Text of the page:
The risk with most cyberattacks is data loss. That's no laughing matter, but when you consider the rise of connected cars, the risks include serious injury or even death.
Internet connectivity is an increasingly common feature of today's cars, and as a result there has been much discussion about the potential security risks. The subject hit the headlines in the summer of 2015 when hackers were able to successfully shut down a Jeep driving at 70 mph, and again when a device was uncovered that could hack GM's OnStar service. More recently, the Nissan Leaf was shown to be hackable due to insecure APIs.
All connected devices are at risk of some kind of attack, but automobiles are far more ingrained in most societies than, say, a connected light bulb, which would likely be of interest only to the more techie-minded section of the population.
The risk presented by connected cars is apparent. But how big is the risk, and what's being done about it?
The term 'connected car' refers to any automobile with internet access; such vehicles generally also include a wireless LAN connection as well. Some cars offer in-car wi-fi for passengers, but the connection is typically used to power the car's information and entertainment system -- known in the industry as an 'infotainment' system.
Many cars also collect specific data on the vehicle itself -- GPS coordinates, speed, and other key information. This data can be used to help determine things like how fast you were going before a crash, but is quickly becoming a controversial aspect of the modern automotive industry due to the sheer volume of data being collected and the fact that almost all members of the vehicle's supply chain could benefit from accessing it.
Steve Hoffenberg, director of IoT and embedded technology for VDC Research, says that major threats against connected cars fall into two categories: Safety and data privacy. As the Jeep hack shows, the main security concern is that a hacker could remotely access your vehicle and cause a crash. In terms of data, through, privacy and financial risks both come into play.
"For connected cars, an attacker able to penetrate either the car or manufacturer end of the system will be able to go after personally identifiable information for identity theft, or directly go after financial information on subscription car services," said John Pescatore, director of emerging security trends at SANS.
One of the major issues with connected cars is the sheer number of automobiles on the road. Of course, only a small percentage of those are connected now, but that will change over time. As Hoffenberg points out, most connected products that pose a risk to human life are industrial or commercial devices that exist in much smaller numbers than cars.
Another problem is the sheer complexity of the supply chain in the automotive industry. This tiered system, says Hoffenberg, makes it difficult for the companies making the electronic subsystems to understand how their products will interact with others in the vehicle, and also for automakers to be able to understand and test these interactions.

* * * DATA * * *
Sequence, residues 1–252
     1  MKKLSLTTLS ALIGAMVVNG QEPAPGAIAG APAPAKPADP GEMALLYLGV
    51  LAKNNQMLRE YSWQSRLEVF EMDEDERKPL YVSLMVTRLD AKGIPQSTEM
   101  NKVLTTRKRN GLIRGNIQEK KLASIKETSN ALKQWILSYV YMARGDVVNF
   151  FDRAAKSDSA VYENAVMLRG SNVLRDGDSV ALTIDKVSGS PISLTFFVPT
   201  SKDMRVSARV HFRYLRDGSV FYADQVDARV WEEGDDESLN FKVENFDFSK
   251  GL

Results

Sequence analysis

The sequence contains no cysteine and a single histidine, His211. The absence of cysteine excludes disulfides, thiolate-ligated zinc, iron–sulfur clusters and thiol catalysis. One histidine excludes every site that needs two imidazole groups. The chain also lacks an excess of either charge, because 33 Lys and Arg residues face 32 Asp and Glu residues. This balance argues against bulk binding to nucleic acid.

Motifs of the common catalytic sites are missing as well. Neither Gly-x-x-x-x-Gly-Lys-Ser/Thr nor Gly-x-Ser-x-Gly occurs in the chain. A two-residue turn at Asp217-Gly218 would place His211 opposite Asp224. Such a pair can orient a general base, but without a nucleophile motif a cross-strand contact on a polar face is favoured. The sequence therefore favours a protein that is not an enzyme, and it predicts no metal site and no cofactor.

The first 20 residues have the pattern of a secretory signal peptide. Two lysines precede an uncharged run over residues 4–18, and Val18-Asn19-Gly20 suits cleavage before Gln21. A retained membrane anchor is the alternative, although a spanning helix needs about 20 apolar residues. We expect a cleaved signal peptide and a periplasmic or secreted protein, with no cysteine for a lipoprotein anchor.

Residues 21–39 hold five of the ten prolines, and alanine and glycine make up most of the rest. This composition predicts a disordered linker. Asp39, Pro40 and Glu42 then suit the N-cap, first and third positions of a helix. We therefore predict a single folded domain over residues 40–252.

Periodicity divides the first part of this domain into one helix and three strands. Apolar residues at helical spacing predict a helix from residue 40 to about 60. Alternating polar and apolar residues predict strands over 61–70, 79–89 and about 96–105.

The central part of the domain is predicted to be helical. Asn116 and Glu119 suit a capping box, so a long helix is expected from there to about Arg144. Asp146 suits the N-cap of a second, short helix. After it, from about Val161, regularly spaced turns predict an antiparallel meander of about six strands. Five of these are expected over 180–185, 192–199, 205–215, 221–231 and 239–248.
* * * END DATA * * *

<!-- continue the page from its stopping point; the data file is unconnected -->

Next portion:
How many cars have been affected? As it happens, outside of intentional hacking tests such as the Jeep case, the answer is almost none.
"Part of the reason is the difficulty of the hacking, which typically requires extended periods of time (months or possibly years) experimenting with a specific vehicle," notes Hoffenberg. "Financially-motivated hackers won't see payback for their investment, but terrorists or social malcontents are likely to pursue such hacks, and some are eventually bound to succeed."
We know that these attacks can happen, even if we haven't seen many public-facing attacks yet. So, what's being done to prevent them?
Pescatore points out the advent of new industry groups such as SWRI's Automotive Consortium for Embedded Security, the SAE Vehicle Electrical System Security Committee, the US Council for Automotive Research's (USCAR) Cyber/Physical Systems Task Force, and the Automotive Industry Information Sharing and Analysis Capability (ISAC). However, he said, they're "much more talk than action."
A Ford spokesperson listed some of the precautions the company takes regarding connected cars, including separating the vehicle control systems network from the infotainment system, using cryptography to prevent updates to the modem software or access to private data, and requiring that software updates be "code-signed" and certified as coming from Ford in order to update the system.
Craig Smith, author of The Car Hacker's Handbook and founder of OpenGarages, believes that one of the major requirements for the connected car industry is an easy way to update systems over the air.
"Being able to regularly push out fixes will go a long way in maintaining secure IoT systems," says Smith.
Still, even if that system is delivered, there will be other hurdles to clear in order to lower the risk associated with connected cars. John Pironti, president of IP Architects, notes that the ability to build these systems securely has existed for years in military models, but the expense of it has kept automakers from utilizing it.
"We know how to build resistant hardware and software -- on the chip level and software level, it just adds cost to the development activity and to the actual product," says Pironti. "That cost is what a lot of manufacturers aren't willing to absorb right now. So, unless they're forced to do so, they're not going to do so. They'll claim best effort, but they'll always take that risk."